The new market of words

The way markets work is not very simple. But it can be put across simply by putting things in terms of demand and supply of goods and services.

For example, people want an object and that object is in short supply. So whatever small numbers are available, go at a higher than usual price. If someone figures out a way of mass-producing this object, then prices fall and everyone who wants this object can have it easily.

High demands pressure markets into increasing supply. Increased supply lowers prices and bring things into the average buyer’s reach. And when everyone has easy access to an object in high demand, prices fall and the object is suddenly not in such high demand any longer. These factors play hide and seek in all markets and cause economies to go up and down and all over the place. But by and large, markets survive these ups and downs. This is because no single factor — demand, supply, the ability of the average buyer to pay for the things he or she wants — has absolute power over any other. There is a limit to demand — people wouldn’t want something at any cost. There is a limit to supply — no one can build enough objects to satisfy all demand. And lastly, there is is a very obvious limit to people’s ability to pay. I am not unimaginably rich and, I am guessing, neither are you.

But sometimes in history, things change. Events spin about on a paradigm shift and it becomes apparent that the market, as we know it, will never be the same again.

You and I — I the creator of this content, and you the consumer of it — are right in the middle of one such historical shift.

Good reading material is, and has always been, in great demand. There has always been a fair amount of supply to satisfy this demand. And readers — people who are willing to spend their money in order to be able to read good writing — have played their part in the upkeep of this market also. Therefore, in keeping with tradition, the markets have behaved the way one might expect them to, playing the same old game with respect to demand, supply, and paying power.

So what is different now?

The internet has changed everything! The limits have been lifted. All three factors now stretch out to infinity.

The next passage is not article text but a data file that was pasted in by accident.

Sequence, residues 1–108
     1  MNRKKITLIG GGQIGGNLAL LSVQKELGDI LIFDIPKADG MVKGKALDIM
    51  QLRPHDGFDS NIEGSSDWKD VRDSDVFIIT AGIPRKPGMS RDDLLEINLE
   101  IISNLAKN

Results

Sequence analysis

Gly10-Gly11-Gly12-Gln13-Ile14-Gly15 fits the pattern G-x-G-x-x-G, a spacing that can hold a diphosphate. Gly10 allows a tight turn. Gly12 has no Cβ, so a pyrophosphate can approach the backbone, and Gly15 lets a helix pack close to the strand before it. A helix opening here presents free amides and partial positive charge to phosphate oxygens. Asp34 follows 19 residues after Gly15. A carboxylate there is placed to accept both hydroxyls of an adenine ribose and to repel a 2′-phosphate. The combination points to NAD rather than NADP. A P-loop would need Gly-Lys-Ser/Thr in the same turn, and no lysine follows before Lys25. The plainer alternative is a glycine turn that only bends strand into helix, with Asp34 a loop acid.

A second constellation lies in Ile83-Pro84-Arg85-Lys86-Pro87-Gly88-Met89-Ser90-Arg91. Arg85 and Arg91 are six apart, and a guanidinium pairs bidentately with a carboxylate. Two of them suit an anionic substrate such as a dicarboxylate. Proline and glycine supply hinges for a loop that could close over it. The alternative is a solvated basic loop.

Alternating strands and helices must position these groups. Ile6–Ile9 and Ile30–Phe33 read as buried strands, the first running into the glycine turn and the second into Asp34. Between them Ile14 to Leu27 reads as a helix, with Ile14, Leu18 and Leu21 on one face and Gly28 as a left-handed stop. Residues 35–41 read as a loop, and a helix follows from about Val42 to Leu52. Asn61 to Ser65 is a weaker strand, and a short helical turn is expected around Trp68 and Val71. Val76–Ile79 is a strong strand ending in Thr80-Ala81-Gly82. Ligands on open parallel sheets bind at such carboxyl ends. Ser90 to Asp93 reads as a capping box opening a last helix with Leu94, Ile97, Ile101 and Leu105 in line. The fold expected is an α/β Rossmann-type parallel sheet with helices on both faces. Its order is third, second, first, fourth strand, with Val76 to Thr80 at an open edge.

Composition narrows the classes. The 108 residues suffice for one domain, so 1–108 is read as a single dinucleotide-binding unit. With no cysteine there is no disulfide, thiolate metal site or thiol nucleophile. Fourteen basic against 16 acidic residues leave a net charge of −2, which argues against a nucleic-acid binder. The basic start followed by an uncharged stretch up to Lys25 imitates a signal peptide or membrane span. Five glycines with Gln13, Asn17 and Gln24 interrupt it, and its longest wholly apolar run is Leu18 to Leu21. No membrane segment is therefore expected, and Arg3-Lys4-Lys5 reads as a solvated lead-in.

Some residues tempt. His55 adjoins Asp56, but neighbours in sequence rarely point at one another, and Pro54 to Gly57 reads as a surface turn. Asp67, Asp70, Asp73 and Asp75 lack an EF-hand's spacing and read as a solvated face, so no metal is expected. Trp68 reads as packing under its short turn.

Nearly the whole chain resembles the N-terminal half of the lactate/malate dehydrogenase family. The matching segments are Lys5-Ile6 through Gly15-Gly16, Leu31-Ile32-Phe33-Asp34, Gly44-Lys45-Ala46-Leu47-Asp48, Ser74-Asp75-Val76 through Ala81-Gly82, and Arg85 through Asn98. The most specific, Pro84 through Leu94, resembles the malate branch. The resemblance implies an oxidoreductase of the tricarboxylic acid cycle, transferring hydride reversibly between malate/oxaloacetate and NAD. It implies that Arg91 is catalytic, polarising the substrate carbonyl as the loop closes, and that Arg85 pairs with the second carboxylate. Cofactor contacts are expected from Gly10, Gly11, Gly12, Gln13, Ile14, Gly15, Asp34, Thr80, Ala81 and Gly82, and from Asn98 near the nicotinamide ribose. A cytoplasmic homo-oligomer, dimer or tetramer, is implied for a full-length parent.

Demand is infinite. The millions of people who are online all day long on their computers or their mobile devices are all looking to read. Sure they watch videos and comment on blogs also, but the primary driver behind all content on the internet is the act of reading. Metadata, descriptions, captions, full-length news articles — it all has to be read. While every single person online may not be looking to read the next great classic of world literature, they are all in the market for good writing. They are all part of what might be laballed “the reading public”. They are potential readers. They are capable of reading and have easy access to it on the web. In another age, this section was smaller in size — the reading public comprised only of those who could read and were willing to buy reading material. Not so any more. Everyone is a reader, or at least a potential one.

Supply is infinite. In the past, the number of people who were writing books and articles and stories and poems was limited. The number of people who had access to publishing mechanisms was even smaller. These days anyone with access to a humble little QWERTY keyboard is a writer, or at least a potential one. Enormous amounts of text pour into the internet everyday in the form of blog posts, tweets, comments, and articles. Fiction and non-fiction alike, created by everyday users of the web like you and I, find a welcome home on the internet. Not all writers create a classic, but a return to the days before the web when editors and publishers made decisions regarding what the public would read and what it will not, seems impractical as well as undesirable. After all, who is to say that a writer rejected by all major publishers (probably less than ten in number) would not have found one hundred like-minded readers who might have truly appreciated his work. In another age, such a writer would never had a chance at being read. Today he or she would.

And lastly, in what might seem like the most revolutionary change to affect any market ever, purchasing power is now infinite. How? Because there is no price tag on most reading material on the internet. Most writing on the internet is FREE to read! What this does is that it affects the other two factors — demand and supply — in significant ways. People who want to read have impossibly easy access to large amounts of really good reading matter. In addition, people who, under ordinary circumstances or in times before the advent of the web, may not have bothered with reading, will spend good amounts of time reading as well. Mostly they will do it for no other reason than that it is free, but a good number of times, it may lead to the development of a wholesome reading habit.

So in summary, a very nearly infinite number of readers are reading a very nearly infinite amount of writing by a very nearly infinite number of writers. They are doing this all day long on an everyday basis and they are doing it all over the world, in homes, offices, on board public transport, in toilets, and everywhere in-between. Reading and writing are ubiquitous activities now.

#demand, #economics, #markets, #supply, #words, #writing